Article 3 of MLI states that the critical requirement for granting treaty benefits is that the person should be a resident of the Contracting State. Article 4 of the OECD Model Tax Convention clarifies that a person’s treaty residence depends on the domestic laws of each contracting state, resulting in a person being treated as a tax resident of both states because of the difference in residency rules of two countries.
For a quick view on Article 4 of MLI – click here
- Limitation of the tie-breaker POEM rules:
- Structure of Article 4 of the MLI
- Article 4(1) of the MLI | Determining the tax residence of dual resident entities
- Article 4(2) of the MLI | Compatibility clause
- Article 4(3) of the MLI | Reservation clause
- Article 4(4) of the MLI | Notification clause
In general, in the case of a person other than individuals, the tax residency is based on whether the person is liable to tax in a jurisdiction by its domicile, residence, place of effective management, or any other criteria. Often it leads to a person being tax resident in two or more countries. Article 4(3) of the OECD Model Tax Convention is a tie-breaker rule in dual resident entities (other than individuals). It provides that the dual resident entity shall be deemed a resident only of the state where its Place of Effective Management (POEM) is situated.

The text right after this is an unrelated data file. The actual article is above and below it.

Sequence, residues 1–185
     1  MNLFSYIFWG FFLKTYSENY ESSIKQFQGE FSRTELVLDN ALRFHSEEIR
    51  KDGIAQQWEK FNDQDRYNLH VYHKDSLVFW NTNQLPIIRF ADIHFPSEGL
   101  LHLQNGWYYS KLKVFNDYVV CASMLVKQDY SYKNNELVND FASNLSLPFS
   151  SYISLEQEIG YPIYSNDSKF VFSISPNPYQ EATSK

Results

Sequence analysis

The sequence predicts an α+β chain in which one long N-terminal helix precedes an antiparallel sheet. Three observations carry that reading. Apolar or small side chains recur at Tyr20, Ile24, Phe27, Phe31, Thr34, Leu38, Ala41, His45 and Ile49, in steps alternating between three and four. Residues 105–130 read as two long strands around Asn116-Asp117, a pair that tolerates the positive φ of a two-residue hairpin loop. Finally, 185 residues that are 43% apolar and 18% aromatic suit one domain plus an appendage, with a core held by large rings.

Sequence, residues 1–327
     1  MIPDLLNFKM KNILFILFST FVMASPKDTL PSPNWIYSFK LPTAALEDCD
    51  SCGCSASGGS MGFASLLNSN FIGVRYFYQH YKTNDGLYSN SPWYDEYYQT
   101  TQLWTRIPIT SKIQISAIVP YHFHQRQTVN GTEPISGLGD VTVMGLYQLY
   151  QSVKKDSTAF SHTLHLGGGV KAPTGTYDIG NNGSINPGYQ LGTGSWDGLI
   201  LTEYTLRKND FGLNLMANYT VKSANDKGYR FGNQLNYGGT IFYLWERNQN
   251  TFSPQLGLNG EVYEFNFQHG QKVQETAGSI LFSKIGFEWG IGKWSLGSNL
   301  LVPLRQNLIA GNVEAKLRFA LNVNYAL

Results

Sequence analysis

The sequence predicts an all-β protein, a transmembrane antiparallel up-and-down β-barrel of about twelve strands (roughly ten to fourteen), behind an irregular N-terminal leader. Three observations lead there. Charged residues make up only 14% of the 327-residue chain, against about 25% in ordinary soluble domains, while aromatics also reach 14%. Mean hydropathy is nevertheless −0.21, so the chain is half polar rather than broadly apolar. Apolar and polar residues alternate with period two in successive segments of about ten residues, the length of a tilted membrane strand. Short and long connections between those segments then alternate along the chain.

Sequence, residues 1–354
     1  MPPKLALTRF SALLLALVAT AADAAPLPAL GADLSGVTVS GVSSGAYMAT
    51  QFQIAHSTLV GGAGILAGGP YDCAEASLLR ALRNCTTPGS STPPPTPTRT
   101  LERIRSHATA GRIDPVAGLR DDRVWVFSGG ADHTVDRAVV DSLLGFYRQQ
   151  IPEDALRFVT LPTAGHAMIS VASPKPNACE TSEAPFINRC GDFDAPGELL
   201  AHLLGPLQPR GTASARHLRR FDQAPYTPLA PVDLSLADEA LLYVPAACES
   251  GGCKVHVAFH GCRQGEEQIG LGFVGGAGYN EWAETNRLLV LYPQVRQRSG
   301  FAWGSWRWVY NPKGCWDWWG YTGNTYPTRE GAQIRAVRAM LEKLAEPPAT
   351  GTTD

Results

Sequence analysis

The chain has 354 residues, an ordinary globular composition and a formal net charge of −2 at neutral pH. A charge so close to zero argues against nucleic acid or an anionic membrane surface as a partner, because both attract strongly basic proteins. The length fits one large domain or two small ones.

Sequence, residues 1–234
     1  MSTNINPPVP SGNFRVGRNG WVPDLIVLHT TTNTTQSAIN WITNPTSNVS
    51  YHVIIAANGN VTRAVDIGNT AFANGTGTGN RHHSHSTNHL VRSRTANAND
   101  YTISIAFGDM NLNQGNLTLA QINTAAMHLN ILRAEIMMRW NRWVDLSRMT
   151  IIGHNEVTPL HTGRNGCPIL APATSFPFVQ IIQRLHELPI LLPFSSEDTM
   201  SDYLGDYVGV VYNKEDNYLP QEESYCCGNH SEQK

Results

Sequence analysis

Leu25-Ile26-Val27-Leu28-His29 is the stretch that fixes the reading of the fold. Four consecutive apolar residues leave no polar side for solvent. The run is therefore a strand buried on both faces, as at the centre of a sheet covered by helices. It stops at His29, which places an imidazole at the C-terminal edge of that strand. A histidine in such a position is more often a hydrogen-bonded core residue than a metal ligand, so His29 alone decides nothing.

Limitation of the tie-breaker POEM rules:
The OECD recommends POEM as a tie-breaker rule for determining residency and an alternative to let the competent authorities determine the residency by mutual agreement on a case-to-case basis. Often, the entities where dual resident situations arise due to aggressive tax planning involve a low tax jurisdiction as POEM.
Some limitations of tie-breaker POEM tests are:
- Cannot curb tax avoidance as entities avail low tax jurisdiction as their POEM.
- POEM is not defined under OECD Model Tax Convention. Each contracting jurisdiction determines POEM based upon their domestic laws. There is no uniformity or clarity under the current tie-breaker test for determining the POEM of an entity.
- The dual resident entity may have a third country as POEM, hence failing to determine the entity’s tax residence.
Structure of Article 4 of the MLI
Article 4 of the MLI comprises of 4 paragraphs: